It was won by the Pan-Birmingham Cancer Network and Sandwell and West Birmingham Hospitals NHS Trust for a system that alerts a keyworker when a known-cancer patient is admitted to hospital, so their care and discharge can be planned.
Adrian Kearns, service improvement facilitator at the trust, was starting to explain that the IT department had to overcome some initial scepticism, when Mandie Ballentine, one of its colorectal clinical nurse specialists, chipped in.
“We weren’t just a bit sceptical. We were completely sceptical,” she said. “But it has helped our patients enormously, so now we think it’s great.”
Another project with a clear focus on patients is NHS 24’s TelePulmonary Rehabilitation programme. This enables patients who live in rural areas or find it hard to travel to participate in rehabilitation classes using video conferencing technology, that also puts them in touch with others living with chronic obstructive pulmonary disease.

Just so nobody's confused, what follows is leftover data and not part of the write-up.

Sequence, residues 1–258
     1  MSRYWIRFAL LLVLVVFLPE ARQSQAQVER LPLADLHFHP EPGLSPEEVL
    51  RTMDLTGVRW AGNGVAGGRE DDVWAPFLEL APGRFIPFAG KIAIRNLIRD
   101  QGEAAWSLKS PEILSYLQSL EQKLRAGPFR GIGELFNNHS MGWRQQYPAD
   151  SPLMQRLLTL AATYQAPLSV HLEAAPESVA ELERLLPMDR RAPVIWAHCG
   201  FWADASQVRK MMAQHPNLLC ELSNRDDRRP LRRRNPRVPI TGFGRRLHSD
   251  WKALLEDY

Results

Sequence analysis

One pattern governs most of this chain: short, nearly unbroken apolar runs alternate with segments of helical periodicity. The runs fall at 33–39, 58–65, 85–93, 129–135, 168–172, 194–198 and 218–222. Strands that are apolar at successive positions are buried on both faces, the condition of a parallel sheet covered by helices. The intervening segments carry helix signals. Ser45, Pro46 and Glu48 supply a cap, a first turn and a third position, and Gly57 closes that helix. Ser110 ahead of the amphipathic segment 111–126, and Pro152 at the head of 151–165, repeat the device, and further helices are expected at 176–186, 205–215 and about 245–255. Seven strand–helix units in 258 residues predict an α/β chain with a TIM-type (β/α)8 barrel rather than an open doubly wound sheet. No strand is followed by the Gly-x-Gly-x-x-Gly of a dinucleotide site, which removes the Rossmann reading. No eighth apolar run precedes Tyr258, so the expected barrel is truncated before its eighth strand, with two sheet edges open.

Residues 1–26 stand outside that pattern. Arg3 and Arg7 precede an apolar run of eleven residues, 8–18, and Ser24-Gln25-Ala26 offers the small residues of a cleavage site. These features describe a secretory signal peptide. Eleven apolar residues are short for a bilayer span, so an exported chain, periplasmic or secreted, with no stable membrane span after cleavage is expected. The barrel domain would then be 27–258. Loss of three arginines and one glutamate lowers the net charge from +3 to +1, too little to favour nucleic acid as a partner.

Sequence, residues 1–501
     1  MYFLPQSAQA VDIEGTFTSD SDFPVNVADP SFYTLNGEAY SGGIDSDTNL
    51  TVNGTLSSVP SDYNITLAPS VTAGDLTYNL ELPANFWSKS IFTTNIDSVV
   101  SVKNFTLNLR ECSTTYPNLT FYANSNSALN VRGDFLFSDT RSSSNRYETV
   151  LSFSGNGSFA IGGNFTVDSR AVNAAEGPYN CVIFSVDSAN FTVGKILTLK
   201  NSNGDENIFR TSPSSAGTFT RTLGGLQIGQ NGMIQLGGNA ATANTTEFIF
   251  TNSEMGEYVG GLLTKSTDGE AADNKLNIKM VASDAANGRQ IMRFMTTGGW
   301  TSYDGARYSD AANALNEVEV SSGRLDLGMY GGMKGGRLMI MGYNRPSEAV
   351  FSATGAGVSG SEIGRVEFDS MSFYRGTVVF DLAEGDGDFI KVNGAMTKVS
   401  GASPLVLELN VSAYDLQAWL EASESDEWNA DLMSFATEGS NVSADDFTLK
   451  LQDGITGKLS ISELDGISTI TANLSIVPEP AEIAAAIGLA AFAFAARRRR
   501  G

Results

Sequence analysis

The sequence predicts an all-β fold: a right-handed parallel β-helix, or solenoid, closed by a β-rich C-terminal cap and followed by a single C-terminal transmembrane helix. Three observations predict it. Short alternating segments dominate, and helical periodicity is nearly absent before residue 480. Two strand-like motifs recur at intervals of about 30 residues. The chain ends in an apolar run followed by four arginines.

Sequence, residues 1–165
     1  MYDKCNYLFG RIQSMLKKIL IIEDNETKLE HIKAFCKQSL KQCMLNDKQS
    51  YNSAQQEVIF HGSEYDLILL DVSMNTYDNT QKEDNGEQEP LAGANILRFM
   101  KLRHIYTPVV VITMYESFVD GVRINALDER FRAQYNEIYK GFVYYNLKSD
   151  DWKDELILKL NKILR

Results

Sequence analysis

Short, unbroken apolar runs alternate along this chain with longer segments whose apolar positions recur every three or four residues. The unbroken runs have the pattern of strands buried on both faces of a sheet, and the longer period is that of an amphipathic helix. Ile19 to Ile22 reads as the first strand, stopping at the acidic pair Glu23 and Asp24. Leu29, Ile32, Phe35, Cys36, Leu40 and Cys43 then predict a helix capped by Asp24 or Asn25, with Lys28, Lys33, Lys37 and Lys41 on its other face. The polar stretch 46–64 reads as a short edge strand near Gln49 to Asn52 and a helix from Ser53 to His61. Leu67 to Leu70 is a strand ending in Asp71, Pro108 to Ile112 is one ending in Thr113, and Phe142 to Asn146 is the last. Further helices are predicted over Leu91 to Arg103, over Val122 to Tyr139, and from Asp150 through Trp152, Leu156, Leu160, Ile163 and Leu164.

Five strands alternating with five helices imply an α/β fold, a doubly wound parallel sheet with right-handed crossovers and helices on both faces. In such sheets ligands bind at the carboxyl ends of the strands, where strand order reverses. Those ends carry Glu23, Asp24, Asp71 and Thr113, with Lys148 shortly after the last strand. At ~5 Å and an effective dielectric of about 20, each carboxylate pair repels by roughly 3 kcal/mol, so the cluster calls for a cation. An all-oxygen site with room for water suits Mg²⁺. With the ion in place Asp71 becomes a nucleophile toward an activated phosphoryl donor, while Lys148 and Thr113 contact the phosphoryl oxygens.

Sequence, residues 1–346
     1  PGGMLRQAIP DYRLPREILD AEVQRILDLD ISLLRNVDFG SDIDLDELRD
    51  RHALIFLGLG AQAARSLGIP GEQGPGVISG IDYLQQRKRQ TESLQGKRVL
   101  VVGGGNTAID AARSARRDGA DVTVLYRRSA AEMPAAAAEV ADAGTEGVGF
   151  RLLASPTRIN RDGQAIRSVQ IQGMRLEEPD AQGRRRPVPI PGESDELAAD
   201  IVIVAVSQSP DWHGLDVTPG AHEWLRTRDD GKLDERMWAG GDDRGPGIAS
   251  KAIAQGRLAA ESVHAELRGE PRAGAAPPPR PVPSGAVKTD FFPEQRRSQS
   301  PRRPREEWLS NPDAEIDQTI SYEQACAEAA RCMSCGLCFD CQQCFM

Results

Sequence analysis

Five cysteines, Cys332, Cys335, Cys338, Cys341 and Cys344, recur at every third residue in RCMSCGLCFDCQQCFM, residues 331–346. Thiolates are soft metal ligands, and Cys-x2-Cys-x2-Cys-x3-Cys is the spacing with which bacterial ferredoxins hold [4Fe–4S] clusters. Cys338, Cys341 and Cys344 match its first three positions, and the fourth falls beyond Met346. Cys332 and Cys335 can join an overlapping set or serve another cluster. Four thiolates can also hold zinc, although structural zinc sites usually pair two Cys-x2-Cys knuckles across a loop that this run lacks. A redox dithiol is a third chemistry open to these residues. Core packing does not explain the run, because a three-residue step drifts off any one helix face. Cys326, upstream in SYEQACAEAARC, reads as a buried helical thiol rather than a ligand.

It won the ‘best use of telehealth and telecare’ category, which project lead Morag Barrow said was “fantastic” and a tribute to the team that had worked on it. “Patients love it. It is financially beneficial. It is nice to get some recognition for something that has achieved so much,” she said.
One of the big challenges in NHS IT, and one that has been recognised by the awards since their inception, is joining up systems and freeing up the information they contain.
This year, the ‘innovation in healthcare interoperability’ award was won by Plymouth NHS ICT Shared Services for The RISK of Admission Patient Alert system.
This was built “from the bottom up” in response to communication challenges identified by clinicians, and enables information about patients who attend different services to be passed between primary, secondary and community healthcare services, using SMS and email.